A disease whose time has come -- Snakebite envenoming is a neglected tropical disease (NTD) that is responsible for enormous suffering, disability and premature death on every continent. As over 5.8 billion people are at risk of encountering a venomous snake, it is not surprising but no less tragic that almost 7400 people every day are bitten by snakes, and 220–380 men, women and children die as a result i, adding up to about 2.7 million cases of envenoming and 81 000–138 000 deaths a year. The economic cost of snakebite envenoming is unmanageable in most countries, as it affects not only the victims but often their entire families, particularly in poor communities in low- and middle-income countries that do not have social security.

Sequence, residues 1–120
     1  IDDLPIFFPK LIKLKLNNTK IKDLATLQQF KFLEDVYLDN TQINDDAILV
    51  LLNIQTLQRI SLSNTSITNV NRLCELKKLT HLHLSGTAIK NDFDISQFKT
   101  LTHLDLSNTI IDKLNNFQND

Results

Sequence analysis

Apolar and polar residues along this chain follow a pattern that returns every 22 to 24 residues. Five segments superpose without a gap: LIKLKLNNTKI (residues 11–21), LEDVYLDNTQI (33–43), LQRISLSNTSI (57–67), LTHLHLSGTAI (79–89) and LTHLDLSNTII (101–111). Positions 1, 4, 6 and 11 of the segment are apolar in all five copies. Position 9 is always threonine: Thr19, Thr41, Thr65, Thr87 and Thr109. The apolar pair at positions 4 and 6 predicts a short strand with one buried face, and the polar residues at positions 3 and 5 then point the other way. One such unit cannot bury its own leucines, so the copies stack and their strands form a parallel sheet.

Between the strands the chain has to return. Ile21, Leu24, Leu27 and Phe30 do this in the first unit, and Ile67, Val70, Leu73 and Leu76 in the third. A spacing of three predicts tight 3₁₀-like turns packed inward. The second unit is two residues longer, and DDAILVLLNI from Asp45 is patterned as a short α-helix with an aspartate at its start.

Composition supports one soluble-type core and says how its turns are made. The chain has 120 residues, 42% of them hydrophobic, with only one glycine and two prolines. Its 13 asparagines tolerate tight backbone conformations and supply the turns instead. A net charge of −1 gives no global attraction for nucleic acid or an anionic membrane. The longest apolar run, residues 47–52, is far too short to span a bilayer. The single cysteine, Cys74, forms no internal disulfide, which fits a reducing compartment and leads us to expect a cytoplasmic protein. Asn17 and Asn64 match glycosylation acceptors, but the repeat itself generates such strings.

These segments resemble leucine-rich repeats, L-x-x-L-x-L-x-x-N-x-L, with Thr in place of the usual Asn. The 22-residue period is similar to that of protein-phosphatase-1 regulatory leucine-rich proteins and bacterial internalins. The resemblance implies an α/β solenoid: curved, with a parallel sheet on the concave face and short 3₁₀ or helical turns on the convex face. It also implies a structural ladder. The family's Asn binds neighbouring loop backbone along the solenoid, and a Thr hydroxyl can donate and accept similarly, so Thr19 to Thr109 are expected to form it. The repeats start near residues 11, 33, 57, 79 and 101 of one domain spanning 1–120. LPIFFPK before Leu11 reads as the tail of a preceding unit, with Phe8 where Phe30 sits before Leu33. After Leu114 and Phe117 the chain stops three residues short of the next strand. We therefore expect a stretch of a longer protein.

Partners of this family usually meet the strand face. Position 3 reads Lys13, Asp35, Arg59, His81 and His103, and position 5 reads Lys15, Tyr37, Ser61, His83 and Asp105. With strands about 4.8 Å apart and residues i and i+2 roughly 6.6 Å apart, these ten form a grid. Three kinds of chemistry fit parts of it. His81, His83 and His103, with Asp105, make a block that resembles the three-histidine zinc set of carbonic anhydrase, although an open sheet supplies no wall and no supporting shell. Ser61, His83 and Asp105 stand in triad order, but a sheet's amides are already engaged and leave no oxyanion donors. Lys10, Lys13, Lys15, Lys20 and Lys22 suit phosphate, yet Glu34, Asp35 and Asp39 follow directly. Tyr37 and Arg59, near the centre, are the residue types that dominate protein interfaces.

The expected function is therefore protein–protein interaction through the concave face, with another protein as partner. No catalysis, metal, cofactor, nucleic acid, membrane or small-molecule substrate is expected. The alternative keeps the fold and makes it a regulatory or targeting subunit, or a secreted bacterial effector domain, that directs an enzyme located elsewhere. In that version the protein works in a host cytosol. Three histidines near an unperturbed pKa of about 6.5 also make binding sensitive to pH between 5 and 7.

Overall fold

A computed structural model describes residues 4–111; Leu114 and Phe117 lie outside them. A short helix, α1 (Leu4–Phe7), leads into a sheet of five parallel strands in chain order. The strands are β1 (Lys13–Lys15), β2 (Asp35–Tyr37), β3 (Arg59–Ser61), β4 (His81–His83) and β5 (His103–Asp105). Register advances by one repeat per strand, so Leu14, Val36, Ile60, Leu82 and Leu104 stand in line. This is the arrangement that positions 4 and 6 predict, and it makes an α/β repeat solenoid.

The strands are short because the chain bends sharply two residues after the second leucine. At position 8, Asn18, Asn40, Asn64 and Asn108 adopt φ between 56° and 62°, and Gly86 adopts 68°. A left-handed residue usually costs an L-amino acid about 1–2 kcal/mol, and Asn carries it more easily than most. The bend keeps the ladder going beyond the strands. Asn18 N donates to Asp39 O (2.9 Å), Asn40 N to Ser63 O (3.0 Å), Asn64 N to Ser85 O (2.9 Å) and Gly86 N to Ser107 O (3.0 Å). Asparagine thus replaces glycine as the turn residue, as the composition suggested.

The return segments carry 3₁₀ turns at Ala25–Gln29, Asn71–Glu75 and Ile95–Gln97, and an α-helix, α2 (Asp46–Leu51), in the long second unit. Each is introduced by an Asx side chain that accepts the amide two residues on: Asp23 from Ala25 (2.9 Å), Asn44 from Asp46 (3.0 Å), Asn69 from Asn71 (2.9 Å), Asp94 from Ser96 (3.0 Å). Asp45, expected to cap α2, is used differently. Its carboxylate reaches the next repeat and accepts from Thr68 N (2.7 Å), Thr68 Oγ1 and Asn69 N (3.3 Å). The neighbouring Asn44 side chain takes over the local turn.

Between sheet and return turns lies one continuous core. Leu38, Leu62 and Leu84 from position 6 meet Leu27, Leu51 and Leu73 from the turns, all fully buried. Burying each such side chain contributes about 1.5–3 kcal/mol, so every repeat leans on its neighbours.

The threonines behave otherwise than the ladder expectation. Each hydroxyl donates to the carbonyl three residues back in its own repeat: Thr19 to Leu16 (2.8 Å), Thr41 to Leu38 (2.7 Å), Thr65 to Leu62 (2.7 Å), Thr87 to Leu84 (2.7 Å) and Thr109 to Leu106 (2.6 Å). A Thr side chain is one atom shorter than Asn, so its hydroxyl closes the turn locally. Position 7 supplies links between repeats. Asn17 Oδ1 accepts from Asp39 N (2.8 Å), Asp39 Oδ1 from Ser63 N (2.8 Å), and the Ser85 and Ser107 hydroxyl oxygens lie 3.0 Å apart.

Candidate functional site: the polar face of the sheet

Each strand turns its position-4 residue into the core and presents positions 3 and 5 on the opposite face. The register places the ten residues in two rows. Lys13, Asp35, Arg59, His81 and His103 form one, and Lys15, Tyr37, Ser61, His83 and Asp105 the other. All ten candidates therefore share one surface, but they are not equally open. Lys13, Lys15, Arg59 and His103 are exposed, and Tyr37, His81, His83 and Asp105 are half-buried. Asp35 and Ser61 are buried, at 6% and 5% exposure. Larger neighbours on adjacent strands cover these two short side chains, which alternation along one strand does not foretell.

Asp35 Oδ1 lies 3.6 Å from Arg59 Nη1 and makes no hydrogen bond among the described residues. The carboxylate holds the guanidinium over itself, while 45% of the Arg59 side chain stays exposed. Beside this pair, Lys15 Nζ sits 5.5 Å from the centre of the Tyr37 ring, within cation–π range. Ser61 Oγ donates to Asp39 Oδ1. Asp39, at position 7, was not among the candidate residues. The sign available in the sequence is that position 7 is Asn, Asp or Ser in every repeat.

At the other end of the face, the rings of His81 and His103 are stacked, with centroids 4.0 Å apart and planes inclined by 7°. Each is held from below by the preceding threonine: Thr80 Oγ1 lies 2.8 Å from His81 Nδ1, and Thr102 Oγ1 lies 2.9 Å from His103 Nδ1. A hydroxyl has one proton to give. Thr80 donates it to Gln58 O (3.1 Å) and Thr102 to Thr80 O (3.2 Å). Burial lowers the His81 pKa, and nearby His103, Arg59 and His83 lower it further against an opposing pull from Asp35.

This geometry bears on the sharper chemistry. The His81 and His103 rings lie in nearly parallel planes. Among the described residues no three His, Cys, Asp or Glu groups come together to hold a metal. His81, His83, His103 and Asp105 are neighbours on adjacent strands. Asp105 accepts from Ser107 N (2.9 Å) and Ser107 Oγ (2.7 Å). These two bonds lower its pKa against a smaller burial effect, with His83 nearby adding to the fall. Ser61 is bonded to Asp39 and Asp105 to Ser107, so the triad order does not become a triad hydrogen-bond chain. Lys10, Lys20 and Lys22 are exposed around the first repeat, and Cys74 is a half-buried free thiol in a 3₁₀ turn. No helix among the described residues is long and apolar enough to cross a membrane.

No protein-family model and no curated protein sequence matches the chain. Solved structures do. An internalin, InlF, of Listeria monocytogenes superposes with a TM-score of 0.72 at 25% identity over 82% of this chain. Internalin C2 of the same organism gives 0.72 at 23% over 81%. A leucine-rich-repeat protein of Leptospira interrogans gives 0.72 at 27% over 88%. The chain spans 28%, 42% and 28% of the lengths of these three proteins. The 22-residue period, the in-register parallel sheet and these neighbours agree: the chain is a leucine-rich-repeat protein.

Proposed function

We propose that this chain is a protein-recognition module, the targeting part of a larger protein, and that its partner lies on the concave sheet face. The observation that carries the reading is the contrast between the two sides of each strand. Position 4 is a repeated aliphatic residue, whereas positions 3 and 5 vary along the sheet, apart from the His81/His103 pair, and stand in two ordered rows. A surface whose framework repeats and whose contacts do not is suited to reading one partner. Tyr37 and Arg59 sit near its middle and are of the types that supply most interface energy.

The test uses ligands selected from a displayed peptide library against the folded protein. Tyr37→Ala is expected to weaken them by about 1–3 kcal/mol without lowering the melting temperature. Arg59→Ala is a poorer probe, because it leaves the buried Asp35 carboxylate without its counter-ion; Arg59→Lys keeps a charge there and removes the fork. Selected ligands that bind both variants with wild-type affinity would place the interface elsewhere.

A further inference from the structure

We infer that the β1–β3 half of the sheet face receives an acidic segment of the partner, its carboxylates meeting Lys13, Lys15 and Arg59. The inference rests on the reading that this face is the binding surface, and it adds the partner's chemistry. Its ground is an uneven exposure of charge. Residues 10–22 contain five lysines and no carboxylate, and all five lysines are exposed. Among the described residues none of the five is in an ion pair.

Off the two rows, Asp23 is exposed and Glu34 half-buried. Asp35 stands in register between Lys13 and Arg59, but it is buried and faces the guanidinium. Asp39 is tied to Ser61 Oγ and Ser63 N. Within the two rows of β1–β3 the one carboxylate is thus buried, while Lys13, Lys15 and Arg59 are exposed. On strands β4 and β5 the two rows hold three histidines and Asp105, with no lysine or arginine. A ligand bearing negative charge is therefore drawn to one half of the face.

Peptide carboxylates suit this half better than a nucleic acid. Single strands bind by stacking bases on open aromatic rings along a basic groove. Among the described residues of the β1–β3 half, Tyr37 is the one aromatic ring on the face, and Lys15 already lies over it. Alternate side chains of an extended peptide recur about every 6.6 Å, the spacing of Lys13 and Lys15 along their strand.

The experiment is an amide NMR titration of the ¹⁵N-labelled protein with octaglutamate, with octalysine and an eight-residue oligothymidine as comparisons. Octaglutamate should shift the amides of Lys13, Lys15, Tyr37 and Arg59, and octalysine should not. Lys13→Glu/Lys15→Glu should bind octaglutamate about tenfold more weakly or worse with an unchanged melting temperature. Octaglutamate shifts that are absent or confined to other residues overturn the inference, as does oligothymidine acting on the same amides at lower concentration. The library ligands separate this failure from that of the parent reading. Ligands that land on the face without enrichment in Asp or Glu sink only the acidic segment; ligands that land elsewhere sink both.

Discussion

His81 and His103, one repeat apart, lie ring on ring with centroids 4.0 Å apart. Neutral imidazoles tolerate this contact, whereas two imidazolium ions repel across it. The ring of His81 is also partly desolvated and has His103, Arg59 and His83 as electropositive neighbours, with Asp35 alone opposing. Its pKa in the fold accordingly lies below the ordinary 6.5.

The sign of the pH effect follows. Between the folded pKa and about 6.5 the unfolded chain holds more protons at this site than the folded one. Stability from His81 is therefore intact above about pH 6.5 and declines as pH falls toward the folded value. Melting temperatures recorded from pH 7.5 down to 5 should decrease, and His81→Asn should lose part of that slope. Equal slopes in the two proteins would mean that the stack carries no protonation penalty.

As work towards achieving the objectives of UHC2030 (https://www.uhc2030.org/) accelerates, immediate action is needed to reduce the burden of suffering of some of the world’s most disadvantaged communities, and countries around the globe have appealed for a coordinated response. Following a recommendation by WHO’s Strategic and Technical Advisory Group for Neglected Tropical Diseases and a resolution on snakebite envenoming adopted by the Seventy-first World Health Assembly in 2018, WHO has added this disease to its list of category A NTDs. It has now developed a strategy to reduce mortality and disability from snakebite envenoming by 50% before 2030. This document describes the strategy for action in countries, supported by regional collaboration, that will save lives and prevent needless suffering.
- Published: 2019
- Publisher: World Health Organization
- ISBN-13: 978-92-4-151564-1
- Dewey Decimal: 615.942